Astronomers find dust around a primitive star, shedding new light on universe's origins
They observed dust forming around a dying star in a nearby galaxy, similar to the primitive galaxies that formed soon after the big bang, giving them a fascinating glimpse back in time.
The research, which was funded by the Science and Technology Facilities Council (STFC) through a grant to Manchester University, is reported in the Jan. 16 issue of the journal Science. The study is based on observations with NASA's Spitzer Space Telescope and was carried out by an international team of astronomers.
Stars produce dust – smoke-like particles rich with carbon or oxygen – as they die. But less is known about how and what kind of dust was created in the first galaxies.
“All the elements heavier than helium were made after the Big Bang in successive generations of stars”, explained team leader Albert Zijlstra from The University of Manchester's Jodrell Bank Centre for Astrophysics. “We came up with the idea of looking at nearby galaxies poor in heavier elements to get a close-up view of how stars live and die in conditions similar to those in the first galaxies.”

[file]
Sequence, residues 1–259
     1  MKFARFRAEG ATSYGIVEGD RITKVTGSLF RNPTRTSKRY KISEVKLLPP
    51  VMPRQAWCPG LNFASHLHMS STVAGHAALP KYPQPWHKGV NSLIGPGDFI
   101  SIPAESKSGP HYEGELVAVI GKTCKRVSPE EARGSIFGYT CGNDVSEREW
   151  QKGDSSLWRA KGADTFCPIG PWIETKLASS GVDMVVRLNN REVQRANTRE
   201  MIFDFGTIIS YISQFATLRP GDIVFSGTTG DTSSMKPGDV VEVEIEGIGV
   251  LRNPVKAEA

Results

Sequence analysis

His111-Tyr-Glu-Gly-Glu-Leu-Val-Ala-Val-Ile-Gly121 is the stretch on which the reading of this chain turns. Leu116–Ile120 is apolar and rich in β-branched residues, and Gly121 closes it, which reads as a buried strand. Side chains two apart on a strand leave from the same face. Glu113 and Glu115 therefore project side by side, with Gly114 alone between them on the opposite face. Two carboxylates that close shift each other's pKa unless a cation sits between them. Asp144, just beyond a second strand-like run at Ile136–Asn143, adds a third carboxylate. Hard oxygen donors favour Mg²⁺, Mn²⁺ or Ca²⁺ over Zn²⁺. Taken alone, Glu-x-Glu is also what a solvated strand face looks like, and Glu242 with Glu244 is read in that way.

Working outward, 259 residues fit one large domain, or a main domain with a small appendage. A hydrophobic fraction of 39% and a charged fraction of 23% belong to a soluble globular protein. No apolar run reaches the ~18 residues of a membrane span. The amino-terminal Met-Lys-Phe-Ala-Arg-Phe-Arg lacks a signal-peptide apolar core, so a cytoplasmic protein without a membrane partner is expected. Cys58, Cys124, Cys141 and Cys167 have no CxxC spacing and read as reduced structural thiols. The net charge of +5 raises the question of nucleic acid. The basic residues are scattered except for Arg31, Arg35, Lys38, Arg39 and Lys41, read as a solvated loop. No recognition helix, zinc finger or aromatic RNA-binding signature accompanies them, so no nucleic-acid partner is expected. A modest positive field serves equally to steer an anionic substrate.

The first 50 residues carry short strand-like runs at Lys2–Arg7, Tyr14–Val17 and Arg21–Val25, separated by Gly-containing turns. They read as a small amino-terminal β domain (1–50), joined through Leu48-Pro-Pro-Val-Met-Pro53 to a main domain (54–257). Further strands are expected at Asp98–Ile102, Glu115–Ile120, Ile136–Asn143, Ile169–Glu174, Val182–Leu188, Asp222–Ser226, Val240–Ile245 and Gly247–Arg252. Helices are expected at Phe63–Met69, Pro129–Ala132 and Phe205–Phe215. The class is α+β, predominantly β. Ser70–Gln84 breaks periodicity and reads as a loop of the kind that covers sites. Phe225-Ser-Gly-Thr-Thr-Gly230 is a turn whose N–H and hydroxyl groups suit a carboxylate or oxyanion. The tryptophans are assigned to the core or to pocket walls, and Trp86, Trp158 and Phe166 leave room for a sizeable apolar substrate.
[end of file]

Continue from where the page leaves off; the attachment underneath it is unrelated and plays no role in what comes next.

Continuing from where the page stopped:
Scientists have long debated where dust in the early Universe comes from and the most popular theory has been that supernova explosions of massive stars is the only source. Up until now, dust producing carbon stars like the one observed were not thought to have existed in early galaxies.
Gregory Sloan, from Cornell University, said “We haven't seen carbon-rich dust in this primitive an environment before. What this tells us is that carbon stars could have been pumping out dust soon after the first galaxies were born”.
The dust was discovered around the carbon star MAG 29, located 280,000 light years away in a small nearby galaxy called the Sculptor Dwarf. Stars more massive than the Sun end their lives as carbon stars. In our galaxy, carbon stars are a rich source of dust.
The Sculptor Dwarf contains only 4 percent of the carbon and other heavy elements in our own galaxy, making it similar to primitive galaxies seen at the edge of the universe. Those galaxies emitted the light that we now see soon after they and the universe formed.
“While everyone is focused on the questions of how much and what kind of dust supernovae make, they may not have appreciated that carbon stars can make at least some of the dust we are seeing,” Sloan said. “The more we can understand the quantity and composition of the dust, the better we can understand how stars and galaxies evolve, both in the early universe and right next door.”
“Observing stars such as MAG 29 is not unlike using a time machine”, Sloan added, “in which astronomers can catch glimpses of what the universe looked like billions of years ago.”
“MAG 29 is exceptionally rich in hydrocarbons, similar to those that are vital components in the chemistry that eventually led to the appearance of life on earth” added Mikako Matsuura from the National University of Japan.
The study also included other scientists in the UK, USA, Japan, Australia and Belgium. It is part of a project led by Albert Zijlstra at the University of Manchester's Jodrell Bank Centre for Astrophysics.
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